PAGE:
ain’t it funny how a melody can bring back a memory? apparently so can a taste…

10 Mar

I grew up listening to country and classic rock.   I didn’t branch out til I got older and went through my rebellious phase (hahaha yeah ok) and listened to pop, rap and new rock, just to be “older” and cool like my peers.  Then in college, I branched out even more to Latin music–salsa, reggaeton, merengue, bachata.  Today, there’s not much I WON’T listen to or don’t like, and I love that I can flip through radio stations and sing along with so many different genres of music…

Anyway, there’s this great old country song by Clint Black called State of Mind.  I tried briefly to find a video of it, but I think it may have been recorded before music videos.  Yikes.  Anyway, here are the lyrics, but the part I love is:

“Ain’t it funny how a melody can bring back a memory

Take you to another place and time

Completely change your state of mind?”

Very few songs don’t trigger a memory for me–I love music, and certain songs just bring me back to different times in my life.  Occasionally it happens with smells, too (one time at a store I smelled my grandpa’s old aftershave and got all teary-eyed).  I’ve never experienced this with a taste before today.

Last week, I was reading a book called “My Berlin Kitchen: A Love Story (with Recipes).”  It was really cute and for the most part I really enjoyed reading it.  There was a recipe at the end of each chapter–her family is from all over the world, so there was a great variety of exotic-sounding stuff.  But the one that stuck with me was the recipe for German Potato Salad.

german potato salad

I don’t remember ever eating this growing up.  My grandparents are from Hungary, and Oma cooked for us, but the only “ethnic” dishes I really remember were Hungarian goulash (AKA beef and homemade spatzle AKA the animal noodles) and bolachinga (this is probably spelled wrong, but basically it’s like German crepes).  I didn’t ever eat the bolachinga–but always hung out in the kitchen while she made it.  My favorite meal was Hungarian goulash.  Whenever we had it at Oma and Grandpa’s, it was always accompanied by salad with Oma’s homemade dressing–oil and vinegar.  I’ve tried for years to recreate it.  I asked for her recipe and she laughed–some oil, some vinegar, a pinch of sugar to taste.  She doesn’t measure anything–she’s that kind of cook.  So I tried and tried on my own, then I tried with her watching over me, and I’ve only once come even CLOSE to recreating it.  Sad.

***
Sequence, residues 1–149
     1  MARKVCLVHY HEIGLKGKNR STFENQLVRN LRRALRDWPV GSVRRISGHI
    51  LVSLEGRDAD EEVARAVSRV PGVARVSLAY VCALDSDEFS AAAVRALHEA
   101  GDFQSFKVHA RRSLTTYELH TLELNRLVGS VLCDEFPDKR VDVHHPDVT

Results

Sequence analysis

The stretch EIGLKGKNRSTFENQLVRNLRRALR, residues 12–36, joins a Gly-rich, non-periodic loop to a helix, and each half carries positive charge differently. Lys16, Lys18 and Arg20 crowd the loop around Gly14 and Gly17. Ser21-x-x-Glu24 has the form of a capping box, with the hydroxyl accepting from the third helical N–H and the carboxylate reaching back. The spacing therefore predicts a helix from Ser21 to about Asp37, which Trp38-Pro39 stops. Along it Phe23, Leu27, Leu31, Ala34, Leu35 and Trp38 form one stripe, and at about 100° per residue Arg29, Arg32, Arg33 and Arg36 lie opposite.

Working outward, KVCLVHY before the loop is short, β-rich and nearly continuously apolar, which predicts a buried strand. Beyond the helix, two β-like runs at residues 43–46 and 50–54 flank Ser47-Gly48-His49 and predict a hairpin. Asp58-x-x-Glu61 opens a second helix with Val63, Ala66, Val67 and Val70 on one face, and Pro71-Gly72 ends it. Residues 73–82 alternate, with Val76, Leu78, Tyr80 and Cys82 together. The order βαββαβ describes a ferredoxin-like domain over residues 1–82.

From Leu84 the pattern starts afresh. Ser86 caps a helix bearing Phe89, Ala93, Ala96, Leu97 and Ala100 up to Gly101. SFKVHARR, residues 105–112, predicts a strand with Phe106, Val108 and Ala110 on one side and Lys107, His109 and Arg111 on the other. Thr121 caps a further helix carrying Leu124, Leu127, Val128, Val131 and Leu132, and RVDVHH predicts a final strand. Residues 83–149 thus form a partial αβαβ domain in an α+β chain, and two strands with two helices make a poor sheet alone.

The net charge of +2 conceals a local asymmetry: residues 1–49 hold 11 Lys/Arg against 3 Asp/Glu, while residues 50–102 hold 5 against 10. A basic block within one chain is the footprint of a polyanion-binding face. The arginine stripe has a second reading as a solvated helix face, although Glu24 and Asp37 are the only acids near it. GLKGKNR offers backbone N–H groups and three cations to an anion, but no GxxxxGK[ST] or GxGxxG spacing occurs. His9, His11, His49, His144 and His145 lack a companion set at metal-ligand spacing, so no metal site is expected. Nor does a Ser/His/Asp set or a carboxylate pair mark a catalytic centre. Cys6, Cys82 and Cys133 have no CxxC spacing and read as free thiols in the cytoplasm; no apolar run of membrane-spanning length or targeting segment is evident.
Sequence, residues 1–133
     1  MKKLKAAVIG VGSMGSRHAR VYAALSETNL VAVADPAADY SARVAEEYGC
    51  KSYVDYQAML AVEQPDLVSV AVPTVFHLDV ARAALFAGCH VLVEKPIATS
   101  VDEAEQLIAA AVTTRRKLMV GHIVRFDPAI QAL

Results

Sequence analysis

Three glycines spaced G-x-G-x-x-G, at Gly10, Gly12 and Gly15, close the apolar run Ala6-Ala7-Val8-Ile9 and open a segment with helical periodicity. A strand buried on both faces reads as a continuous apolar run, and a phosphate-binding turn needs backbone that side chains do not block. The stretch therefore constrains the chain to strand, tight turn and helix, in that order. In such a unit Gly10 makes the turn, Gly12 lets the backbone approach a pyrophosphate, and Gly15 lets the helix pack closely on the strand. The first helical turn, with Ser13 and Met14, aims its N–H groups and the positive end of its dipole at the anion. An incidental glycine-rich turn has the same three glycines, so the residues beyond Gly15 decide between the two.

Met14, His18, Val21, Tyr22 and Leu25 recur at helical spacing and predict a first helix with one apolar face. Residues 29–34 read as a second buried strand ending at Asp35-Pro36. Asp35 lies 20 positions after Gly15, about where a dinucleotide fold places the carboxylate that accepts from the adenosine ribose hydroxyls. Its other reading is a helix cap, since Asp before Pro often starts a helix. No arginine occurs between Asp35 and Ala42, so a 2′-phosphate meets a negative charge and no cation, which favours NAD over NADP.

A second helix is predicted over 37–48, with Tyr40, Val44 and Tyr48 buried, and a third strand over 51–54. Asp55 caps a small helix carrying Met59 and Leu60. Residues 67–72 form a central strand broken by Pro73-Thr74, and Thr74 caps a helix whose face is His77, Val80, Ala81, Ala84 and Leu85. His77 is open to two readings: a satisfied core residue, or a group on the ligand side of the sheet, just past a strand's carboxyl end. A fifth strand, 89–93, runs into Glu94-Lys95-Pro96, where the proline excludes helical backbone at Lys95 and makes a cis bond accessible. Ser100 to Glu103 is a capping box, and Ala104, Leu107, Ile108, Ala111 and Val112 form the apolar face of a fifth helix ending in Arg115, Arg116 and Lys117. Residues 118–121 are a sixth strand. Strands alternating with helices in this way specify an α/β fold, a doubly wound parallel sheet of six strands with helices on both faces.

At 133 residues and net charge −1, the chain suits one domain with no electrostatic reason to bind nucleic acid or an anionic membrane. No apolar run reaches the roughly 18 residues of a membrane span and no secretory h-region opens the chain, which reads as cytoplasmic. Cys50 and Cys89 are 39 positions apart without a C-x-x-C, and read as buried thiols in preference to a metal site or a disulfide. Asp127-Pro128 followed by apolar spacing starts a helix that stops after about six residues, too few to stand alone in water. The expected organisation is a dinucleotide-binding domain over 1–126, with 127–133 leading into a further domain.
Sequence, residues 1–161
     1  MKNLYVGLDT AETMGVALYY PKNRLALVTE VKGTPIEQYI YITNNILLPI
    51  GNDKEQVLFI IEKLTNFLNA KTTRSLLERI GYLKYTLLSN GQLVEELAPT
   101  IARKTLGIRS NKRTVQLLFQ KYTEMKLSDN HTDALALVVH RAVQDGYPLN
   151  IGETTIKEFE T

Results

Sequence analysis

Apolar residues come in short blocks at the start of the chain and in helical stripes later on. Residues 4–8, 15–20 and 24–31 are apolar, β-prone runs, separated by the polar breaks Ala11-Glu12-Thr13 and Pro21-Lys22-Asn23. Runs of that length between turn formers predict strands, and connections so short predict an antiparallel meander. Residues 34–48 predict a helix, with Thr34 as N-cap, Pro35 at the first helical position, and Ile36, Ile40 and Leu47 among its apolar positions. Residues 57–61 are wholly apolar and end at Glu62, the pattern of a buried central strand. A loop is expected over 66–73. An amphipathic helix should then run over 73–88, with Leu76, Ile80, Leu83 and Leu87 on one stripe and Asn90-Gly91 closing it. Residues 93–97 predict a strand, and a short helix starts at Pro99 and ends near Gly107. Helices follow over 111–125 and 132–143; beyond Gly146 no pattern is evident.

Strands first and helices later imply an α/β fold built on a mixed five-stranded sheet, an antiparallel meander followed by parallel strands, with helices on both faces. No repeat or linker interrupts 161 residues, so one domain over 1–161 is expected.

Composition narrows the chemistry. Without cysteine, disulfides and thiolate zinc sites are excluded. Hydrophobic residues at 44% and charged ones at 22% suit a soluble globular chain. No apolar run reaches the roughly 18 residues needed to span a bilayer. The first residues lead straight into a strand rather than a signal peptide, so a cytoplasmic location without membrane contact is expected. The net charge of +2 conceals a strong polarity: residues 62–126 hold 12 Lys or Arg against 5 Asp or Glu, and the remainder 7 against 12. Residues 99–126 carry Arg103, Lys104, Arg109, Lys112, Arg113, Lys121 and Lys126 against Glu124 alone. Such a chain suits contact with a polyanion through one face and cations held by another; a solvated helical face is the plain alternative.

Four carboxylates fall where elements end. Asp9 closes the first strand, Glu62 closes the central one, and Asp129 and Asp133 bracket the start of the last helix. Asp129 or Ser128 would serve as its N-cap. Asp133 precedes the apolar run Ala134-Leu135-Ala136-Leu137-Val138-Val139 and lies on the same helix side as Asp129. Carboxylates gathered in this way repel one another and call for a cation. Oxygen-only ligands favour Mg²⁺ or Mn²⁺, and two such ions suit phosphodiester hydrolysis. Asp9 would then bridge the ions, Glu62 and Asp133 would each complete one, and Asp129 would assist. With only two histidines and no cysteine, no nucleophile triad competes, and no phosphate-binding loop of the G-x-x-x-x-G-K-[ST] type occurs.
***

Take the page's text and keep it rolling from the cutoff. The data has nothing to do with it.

Hungarian goulash...not a big red meat fan, but this is seriously amazingly amazing

Hungarian goulash…not a big red meat fan, but this is seriously amazingly amazing

So I start reading the recipe for German Potato Salad, and the next thing I know, I’m craving it hard core.  The only time I’ve ever had it was at Joe’s annual Octoberfest party.   I couldn’t figure out why I was craving it so much, but I asked for Joe’s recipe (thanks, Joe!) and started cooking.


The perks of being the cook = getting to taste test things as you go.  There are a lot of nights when I cook and I’m not hungry by the time dinner’s ready because I’ve sampled every ingredient and mixture along the way.  So tonight, as I was making the sauce to go on the potato salad, I tasted it, just to check that the vinegar and sugar combination was correct.  And I realized as I was making it tonight, the dressing that goes on the potatoes tastes JUST like the salad dressing!  The tangy vinegar and the sweet sugar combine to make the most perfect combination.

My potato salad is almost done.  I’ve been cooking for what feels like forever (making a few other things, too, while I’m in here), but making this connection between the salad and Oma’s salad has made the effort all worth it.  A melody might bring back memories, but so can a taste.  Yay for sensory memories.  🙂



One Response to “ain’t it funny how a melody can bring back a memory? apparently so can a taste…”

  1. Julie March 11, 2014 at 6:11 pm #

    I was amazed to find out that Mrs. T’s pierogies tasted almost just like my grandmother’s pyrohy (the Ukrainian version of pierogies). Part of me was so happy to have found them, and another part of me was sad that a big food processing plant had captured the essence of Grandma’s cooking (and no — she didn’t pass Mrs. T’s off as her own; I saw her making them from scratch plenty of times.)

    I love how food can be as tied to a memory as any of your other senses. Sometimes, I think it and smell and the most closely linked to memories!

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